The combined ash tray and cigarette holder and lighter, 1951, was Adler's only design patent (US Patent Des. 163,984). Purely ornamental, the tray would light and hold a cigarette.

The automatic machine gun, 1952, was conceived of by Adler and his son R. Michael Adler. The drawings and accompanying narrative text detail a method for cooling the gun through the use of an automatically operated gas turbine centrifugal air compressor and a gun of simple design with few parts and capable of an extremely high rate of fire. Adler submitted his drawings and text to the United States Army Ordance Department at the Pentagon, but it was not manufactured.

Adler's thermonuclear fusion proposal, a technical paper written in 1960, was never realized. The paper, titled "Attempt to Utilize the Concentrated Magnetic Field Around a Pinched Plasma Column as the Focal Point for Particle Acceleration," details through text and schematics Adler's ideas about a thermonuclear reactor. Additionally, there is correspondence, journal articles, newspaper articles, and a notebook with notes from other publications and some loose drawings related to thermonuclear issues.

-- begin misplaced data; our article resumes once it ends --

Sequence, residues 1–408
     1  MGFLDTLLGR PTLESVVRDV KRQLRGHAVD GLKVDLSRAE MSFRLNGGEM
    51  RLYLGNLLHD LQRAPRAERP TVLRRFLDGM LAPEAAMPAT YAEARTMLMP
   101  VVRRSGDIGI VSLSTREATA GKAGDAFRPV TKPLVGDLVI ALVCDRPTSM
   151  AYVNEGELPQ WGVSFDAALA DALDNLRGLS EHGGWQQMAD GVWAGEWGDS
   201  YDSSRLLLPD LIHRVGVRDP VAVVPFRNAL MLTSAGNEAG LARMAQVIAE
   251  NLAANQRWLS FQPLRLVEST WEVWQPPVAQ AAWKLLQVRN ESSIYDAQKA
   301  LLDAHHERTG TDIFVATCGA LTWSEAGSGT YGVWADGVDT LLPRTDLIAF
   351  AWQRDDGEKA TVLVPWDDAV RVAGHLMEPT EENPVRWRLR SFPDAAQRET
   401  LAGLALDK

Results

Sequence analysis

An apparatus for producing pile fabric (US Patent 3,309,252), was patented in 1967. The intention of the apparatus was to create a method for producing carpets and rugs in a fast, practical, and inexpensive way.

Adler's work with non-woven textiles and fabrics (see US Patent 3,250,655) is well documented through correspondence, drawings, notes, fabric samples, and photographs. Adler founded the Adler Process Corporation in the 1960s as a research and development organization specializing in the development of products for domestic and industrial uses. The corporation also built machinery for the commercial production of the products which included pile fabric (such as carpeting), non-woven fabrics, and leather-like material. A prospectus details the "Adler Process."